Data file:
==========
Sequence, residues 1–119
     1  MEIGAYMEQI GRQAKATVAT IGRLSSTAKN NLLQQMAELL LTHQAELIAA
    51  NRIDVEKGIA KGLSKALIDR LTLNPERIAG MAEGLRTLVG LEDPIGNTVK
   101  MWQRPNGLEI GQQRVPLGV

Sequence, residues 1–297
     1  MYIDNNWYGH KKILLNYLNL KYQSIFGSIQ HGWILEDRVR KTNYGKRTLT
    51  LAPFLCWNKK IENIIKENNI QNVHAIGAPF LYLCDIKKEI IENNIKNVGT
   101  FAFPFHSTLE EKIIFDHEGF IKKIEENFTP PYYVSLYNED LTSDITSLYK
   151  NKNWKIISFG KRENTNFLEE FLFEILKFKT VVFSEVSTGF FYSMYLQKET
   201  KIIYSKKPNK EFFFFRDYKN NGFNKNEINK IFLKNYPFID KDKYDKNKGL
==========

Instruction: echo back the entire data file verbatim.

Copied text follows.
Sequence, residues 1–119
     1  MEIGAYMEQI GRQAKATVAT IGRLSSTAKN NLLQQMAELL LTHQAELIAA
    51  NRIDVEKGIA KGLSKALIDR LTLNPERIAG MAEGLRTLVG LEDPIGNTVK
   101  MWQRPNGLEI GQQRVPLGV

Sequence, residues 1–297
     1  MYIDNNWYGH KKILLNYLNL KYQSIFGSIQ HGWILEDRVR KTNYGKRTLT
    51  LAPFLCWNKK IENIIKENNI QNVHAIGAPF LYLCDIKKEI IENNIKNVGT
   101  FAFPFHSTLE EKIIFDHEGF IKKIEENFTP PYYVSLYNED LTSDITSLYK
   151  NKNWKIISFG KRENTNFLEE FLFEILKFKT VVFSEVSTGF FYSMYLQKET
   201  KIIYSKKPNK EFFFFRDYKN NGFNKNEINK IFLKNYPFID KDKYDKNKGL